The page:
Counter-Terrorism: The Mess In Africa

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September 19, 2011: While most al Qaeda activity is in Pakistan, Iraq and Yemen, there is also a growing al Qaeda presence in Africa (Somalia, Nigeria and along the West Coast). But most of it is al Qaeda in name only, and Islamic terrorism activity is quite low compared to Pakistan.

Somalia has become a refuge, over since 2007, for desperate al Qaeda members fleeing Iraq, Pakistan or Saudi Arabia. Most appear to have regretted it. Somalia is poor, chaotic and dangerous, even for hardened al Qaeda terrorists. Moreover, the al Qaeda effort to recruit Somalis for the world-wide war on the West ran into armed opposition from their host, Islamic terror group al Shabaab. Some al Shabaab members saw the foreign al Qaeda fighters as there to help conquer all of Somalia and put it under Islamic rule. But others saw al Qaeda as trying to recruit al Shabaab for the al Qaeda goal of global conquest. This was seen as a distraction that al Shabaab could not afford. As a result of this, there has been some al Shabaab violence against al Qaeda members. But al Qaeda maintain sufficient al Shabaab allies to survive, mainly by providing training in how to carry out suicide and roadside bomb attacks. There have not been a lot of these attacks, partly because few Somalis will volunteer to be suicide bombers.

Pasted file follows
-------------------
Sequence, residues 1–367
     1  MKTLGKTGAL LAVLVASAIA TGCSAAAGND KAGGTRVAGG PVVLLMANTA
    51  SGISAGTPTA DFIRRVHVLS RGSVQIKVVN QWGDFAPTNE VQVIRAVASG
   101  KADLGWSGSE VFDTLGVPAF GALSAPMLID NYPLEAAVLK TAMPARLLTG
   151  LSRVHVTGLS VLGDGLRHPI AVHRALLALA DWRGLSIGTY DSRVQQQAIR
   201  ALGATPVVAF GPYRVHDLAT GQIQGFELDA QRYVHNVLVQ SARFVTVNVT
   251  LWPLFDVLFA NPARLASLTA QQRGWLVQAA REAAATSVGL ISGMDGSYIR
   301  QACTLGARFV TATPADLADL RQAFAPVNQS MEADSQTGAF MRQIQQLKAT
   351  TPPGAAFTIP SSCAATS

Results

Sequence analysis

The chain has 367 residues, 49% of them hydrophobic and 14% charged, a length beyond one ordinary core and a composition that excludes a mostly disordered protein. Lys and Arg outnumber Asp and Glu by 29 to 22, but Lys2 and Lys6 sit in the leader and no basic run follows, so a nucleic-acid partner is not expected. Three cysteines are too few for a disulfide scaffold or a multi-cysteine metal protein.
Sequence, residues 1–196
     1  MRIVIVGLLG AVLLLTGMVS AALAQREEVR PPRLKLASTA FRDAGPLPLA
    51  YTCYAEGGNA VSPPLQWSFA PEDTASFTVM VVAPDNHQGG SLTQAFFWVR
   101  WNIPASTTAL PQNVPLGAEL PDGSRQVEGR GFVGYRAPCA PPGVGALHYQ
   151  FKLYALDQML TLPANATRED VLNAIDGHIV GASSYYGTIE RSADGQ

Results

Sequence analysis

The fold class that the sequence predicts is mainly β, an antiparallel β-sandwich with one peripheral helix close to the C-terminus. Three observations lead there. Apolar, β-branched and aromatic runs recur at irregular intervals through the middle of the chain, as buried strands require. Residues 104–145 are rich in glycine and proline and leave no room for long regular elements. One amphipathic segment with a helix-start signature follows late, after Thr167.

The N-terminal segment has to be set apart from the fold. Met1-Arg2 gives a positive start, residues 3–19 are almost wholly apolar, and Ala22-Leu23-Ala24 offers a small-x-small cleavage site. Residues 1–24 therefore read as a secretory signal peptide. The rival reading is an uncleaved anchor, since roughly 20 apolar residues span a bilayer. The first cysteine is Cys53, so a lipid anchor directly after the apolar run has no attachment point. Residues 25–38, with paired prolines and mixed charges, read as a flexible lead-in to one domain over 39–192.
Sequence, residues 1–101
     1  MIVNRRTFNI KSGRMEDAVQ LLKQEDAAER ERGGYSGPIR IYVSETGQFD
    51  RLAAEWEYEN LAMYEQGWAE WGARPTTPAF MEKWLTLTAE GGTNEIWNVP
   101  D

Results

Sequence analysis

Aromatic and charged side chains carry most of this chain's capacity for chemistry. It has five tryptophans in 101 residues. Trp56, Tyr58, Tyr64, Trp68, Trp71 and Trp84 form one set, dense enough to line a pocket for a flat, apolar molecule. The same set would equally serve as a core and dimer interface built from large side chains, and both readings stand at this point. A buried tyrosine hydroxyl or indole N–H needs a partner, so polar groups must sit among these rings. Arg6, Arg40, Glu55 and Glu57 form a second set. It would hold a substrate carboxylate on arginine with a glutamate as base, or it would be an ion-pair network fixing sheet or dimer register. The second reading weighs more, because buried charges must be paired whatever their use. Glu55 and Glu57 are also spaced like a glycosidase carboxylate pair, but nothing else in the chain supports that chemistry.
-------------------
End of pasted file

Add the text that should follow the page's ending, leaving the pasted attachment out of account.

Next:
Al Qaeda provided training to any Islamic radicals who could make it to Somalia alive. That wasn’t easy, and most of those who made it were persuaded, or coerced, to stick around and fight (and often die) for al Shabaab.  The al Qaeda training attracted some Nigerians, who took the training home with them, to a local group (Boko Haram) that was inspired more by the Taliban. Boko Haram has been festering, and growing, in northern (mostly Moslem) Nigeria for nearly a decade. Since the al Qaeda bomb makers and attack planners got back from Somalia in the last year or so, there have been many more bombings. Boko Haram is more a reaction to local corruption and misrule, than an attempt to take on the rest of the world. However, al Qaeda would find support from Boko Haram, which has cells in southern Nigeria as well. Unlike in Somalia, al Qaeda would not be able to exert as much influence on Boko Haram.

Remnants of the Algerian Islamic terror groups, which were defeated in a bloody 1990s war with the government, are now most active further south. These Islamic terrorists have been paying more attention to making money than making bombs of late. Some 80 percent of the cocaine reaching Europe is coming in via Africa. Al Qaeda has become the security arm of drug smugglers, who bring cocaine (flown or shipped in from South America) and hashish (produced in West Africa) north, where most of it is smuggled into Europe. At the same time, the Arab states of North Africa have become more hostile to Islamic terrorism, but still receptive to new ways of making a lot of money. Thus a growing number of al Qaeda activists are being corrupted by all this new wealth, and corrupting local officials as well. It’s an old problem with zealots, and it means the activists keep the same brand name, but slip into a new business model. But most key members of this group are still, at the very least, nostalgic for the good old days of Islamic radical mayhem. So al Qaeda can expect at least a warm welcome, and possibly some actual support, from this group.

What al Qaeda cannot do is somehow unite these three groups into a new international terrorist threat. The Somali and Nigerian groups are very much into obtaining local power, and both are facing formidable opposition. The old Algerian Islamic radicals are more into cash than conquest these days.

 


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